Sunday, November 23, 2014   




Break in ranks denied as strikers feel heat

Kelly Ip

Monday, April 15, 2013


A dockers' union has described as "impossible" a claim by Hongkong International Terminals that some strikers have broken ranks and returned to work.

The Union of Hong Kong Dockers accused the port operator of playing with numbers in an attempt to divide the strikers. They threatened to escalate the industrial action if employers continued to show insincerity during negotiations.

Union spokesman Stanley Ho Wai-hong said a union member would leave today for London to meet the International Transport Workers' Federation to drum up support overseas.

The development came as the strike entered its 18th day without a deal on pay rises in sight.

HIT said yesterday the terminal was running at 86percent of its handling capacity and at 90percent during peak periods on Saturday.

"With more workers returning to their posts, terminal operations are becoming increasingly normal," HIT said in a statement. "We expect operations to improve further in the days ahead."

However, Confederation of Trade Union general secretary and lawmaker Lee Cheuk-yan said workers are still on strike.

"What they claim is fake. HIT has passed part of its cargoes to other terminals and sought help from other contractors," Lee said. "I believe they want to show that they will not yield to the strikers."

Ho accused HIT managing director Gerry Yim Lui-fai of "playing number games" and misleading the public. "A total of 450 strikers remain in our industrial action. I know that some workers who are stil
l working at the terminal have worked overtime for 72 hours and even 120 hours," Ho said.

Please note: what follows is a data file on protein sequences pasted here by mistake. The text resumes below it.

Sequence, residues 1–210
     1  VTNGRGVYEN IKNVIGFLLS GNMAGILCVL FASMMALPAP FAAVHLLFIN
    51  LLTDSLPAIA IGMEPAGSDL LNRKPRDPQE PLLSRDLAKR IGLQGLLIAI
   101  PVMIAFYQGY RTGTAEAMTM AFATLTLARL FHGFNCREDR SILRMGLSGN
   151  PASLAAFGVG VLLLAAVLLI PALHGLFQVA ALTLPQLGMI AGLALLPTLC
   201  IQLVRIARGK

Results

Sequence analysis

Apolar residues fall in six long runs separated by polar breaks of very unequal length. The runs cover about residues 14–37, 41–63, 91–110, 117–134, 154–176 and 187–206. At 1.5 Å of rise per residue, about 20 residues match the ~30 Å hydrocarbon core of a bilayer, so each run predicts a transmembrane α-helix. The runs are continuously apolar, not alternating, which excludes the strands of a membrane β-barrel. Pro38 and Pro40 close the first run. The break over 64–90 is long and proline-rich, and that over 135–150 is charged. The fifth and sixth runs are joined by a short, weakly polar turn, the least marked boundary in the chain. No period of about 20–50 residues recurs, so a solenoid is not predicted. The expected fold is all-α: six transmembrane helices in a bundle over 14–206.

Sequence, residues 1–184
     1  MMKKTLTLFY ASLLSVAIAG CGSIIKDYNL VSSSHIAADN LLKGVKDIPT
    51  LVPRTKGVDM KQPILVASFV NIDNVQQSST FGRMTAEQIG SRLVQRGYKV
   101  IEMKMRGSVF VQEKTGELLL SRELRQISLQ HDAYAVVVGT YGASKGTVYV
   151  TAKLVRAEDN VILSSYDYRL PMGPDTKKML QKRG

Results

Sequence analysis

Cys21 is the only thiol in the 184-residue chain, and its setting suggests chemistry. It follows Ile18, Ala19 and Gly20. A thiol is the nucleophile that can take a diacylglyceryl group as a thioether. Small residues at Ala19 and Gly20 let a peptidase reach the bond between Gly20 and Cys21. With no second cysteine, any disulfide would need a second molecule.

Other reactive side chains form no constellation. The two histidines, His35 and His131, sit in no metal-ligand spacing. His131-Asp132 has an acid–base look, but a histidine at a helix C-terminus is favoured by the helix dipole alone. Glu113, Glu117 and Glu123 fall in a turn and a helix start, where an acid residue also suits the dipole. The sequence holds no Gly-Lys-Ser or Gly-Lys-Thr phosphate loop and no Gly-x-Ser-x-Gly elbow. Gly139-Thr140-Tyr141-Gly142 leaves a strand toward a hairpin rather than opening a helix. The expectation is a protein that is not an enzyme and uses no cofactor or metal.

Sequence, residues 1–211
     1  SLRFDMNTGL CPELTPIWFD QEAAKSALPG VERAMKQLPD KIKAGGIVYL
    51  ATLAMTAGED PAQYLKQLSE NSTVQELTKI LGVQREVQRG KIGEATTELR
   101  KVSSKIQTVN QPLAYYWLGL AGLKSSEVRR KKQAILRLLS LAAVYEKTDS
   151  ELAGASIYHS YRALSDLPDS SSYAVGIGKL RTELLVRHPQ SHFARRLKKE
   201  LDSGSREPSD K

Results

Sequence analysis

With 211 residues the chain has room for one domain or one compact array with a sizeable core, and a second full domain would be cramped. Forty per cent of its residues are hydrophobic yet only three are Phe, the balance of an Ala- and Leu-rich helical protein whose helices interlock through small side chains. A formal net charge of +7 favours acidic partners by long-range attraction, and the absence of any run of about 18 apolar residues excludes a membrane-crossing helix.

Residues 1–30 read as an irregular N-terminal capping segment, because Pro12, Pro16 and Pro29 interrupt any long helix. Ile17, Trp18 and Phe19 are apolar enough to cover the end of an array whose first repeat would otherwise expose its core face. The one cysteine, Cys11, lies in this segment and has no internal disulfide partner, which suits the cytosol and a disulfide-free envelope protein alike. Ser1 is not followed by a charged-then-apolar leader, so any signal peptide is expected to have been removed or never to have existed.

The union said the terminal is only handling 15 containers an hour instead of 25 before the strike began. He said the plan is to escalate the strike unless HIT and the contractors show goodwill, though no notification has been received on when both sides will meet again.

The official leaving for London today to meet the International Transport Workers' Federation is the union's organizing secretary, Chan Chiu-wai.

"We'll talk about gathering other unionists working under Hutchison Whampoa, not only for terminals but in other industries as well from all around the world, to support our strike," Chan said.

However, an unidentified worker admitted that some strikers have been back at work for five days.

"We returned as we owe the company," the worker said.

The union said the strike foundation had accumulated HK$4.7 million as of Friday and they will distribute a further HK$1,500 to each worker on strike, the fifth handout since the strike began.

Meanwhile, 18 tertiary students yesterday walked from Cheung Kong Centre in Central to the terminals in support of the workers on strike - the trip taking 12 hours to symbolize how long the dockers had to work each day.

Each student held a rose as they walked one step every three seconds. They moved to the beat of a drum. A student was caged in a cart to symbolize the working condition of dockers.

After reaching North Point Pier, the students traveled to Hung Hom where they walked to Mong Kok, stopping to eat a lunchbox in 15 minutes, the normal mealtime given to dockers.


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